The Sarbanes Oxley ( Sox ) Act Of 2002 Essay

The Sarbanes Oxley ( Sox ) Act Of 2002 Essay

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The large accounting scandals at Enron, Tyco, and WorldCom amongst others prompted the U.S. government to take action. That action happened in the form of the Sarbanes-Oxley (SOX) Act of 2002. Dubbed after U.S. Senator Paul Sarbanes and Representative Michael Oxley, it ordered a number of reformations to improve corporate liability, improve financial disclosures and fight corporate and accounting scams, and created the "Public Company Accounting Oversight Board," also known as the PCAOB, to supervise the actions of the auditing profession. (, 2014) With eight years under SOX are we adequately equipped to meet all the requirements laid out, or is there still work to be done? As an IT professional, we are at the heart of businesses progress with meeting SOX directives. There are eleven titles within SOX, but two of these are regarded to be the core that IT managers must focus; section 302 and Section 404. Section 302 deals with the requirement for companies to file periodic reports of financial dealings. (Soxlaw, 2003) Section 404 is management’s evaluation of internal controls; issuers are required to publish information in their annual reports concerning the scope and adequacy of the internal control structure and procedures for financial reporting. (Soxlaw, 2003) Both of these sections are best handled using IT systems and controls.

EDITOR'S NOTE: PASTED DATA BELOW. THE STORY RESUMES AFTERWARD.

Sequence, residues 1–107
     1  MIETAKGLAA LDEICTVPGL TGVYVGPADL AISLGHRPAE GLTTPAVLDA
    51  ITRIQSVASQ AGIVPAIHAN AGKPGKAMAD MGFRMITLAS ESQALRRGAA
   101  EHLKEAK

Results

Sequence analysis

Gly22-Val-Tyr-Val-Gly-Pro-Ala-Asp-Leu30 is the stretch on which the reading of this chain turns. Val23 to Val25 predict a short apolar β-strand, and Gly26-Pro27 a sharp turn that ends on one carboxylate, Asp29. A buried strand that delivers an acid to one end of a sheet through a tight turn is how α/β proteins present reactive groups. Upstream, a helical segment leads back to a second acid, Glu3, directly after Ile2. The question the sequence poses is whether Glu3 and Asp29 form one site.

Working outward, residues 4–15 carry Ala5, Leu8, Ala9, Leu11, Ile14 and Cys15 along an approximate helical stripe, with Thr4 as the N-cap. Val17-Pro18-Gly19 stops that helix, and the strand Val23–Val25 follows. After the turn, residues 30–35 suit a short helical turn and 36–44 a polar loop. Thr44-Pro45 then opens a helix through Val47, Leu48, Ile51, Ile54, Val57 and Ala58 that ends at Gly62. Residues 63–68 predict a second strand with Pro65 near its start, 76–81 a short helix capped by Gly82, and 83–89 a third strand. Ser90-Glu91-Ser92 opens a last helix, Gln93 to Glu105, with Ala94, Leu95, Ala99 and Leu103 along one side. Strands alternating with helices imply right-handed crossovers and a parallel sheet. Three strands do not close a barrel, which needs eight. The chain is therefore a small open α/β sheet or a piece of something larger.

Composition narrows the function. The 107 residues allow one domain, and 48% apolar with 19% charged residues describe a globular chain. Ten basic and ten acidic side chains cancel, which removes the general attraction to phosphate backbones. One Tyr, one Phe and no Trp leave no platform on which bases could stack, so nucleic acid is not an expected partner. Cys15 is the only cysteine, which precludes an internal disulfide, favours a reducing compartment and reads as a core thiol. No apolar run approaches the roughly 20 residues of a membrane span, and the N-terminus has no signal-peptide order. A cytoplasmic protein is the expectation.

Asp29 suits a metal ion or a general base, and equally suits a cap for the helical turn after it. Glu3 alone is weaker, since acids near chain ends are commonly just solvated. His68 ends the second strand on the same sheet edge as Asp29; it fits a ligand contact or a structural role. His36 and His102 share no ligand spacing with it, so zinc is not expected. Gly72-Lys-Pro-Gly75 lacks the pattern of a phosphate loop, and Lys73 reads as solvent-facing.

With the obligation to produce financial reports as needed, it only makes sense to have that data accessible electronically. More companies are turning to technology in their Sarbanes-Oxley Act compliance efforts in order to automate internal controls or streamline their activities. (Hoffman, 2005) As a possible IT manager, it is our job to assure the company’s financial systems are r...

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...w dynamic that requires careful considerations from all parties involved, and the IT manager needs to know all those parties well.
The last unresolved area of concern is the need to work with the other departments and managers. The IT department has to build a lasting relationship with the accounting section. Just being told to create a system that handles the company’s finances isn’t good enough. The departments have to communicate requirements to each other, so they understand what can be provided from IT and what needs to be reported from accounting. There must also be a relationship with the Human Resources (HR) Department so that we can communicate personnel requirements to executive leadership. Communication is paramount in any organization but is especially important amongst the Chief Information Officer, Chief Financial Officer and the HR Department.

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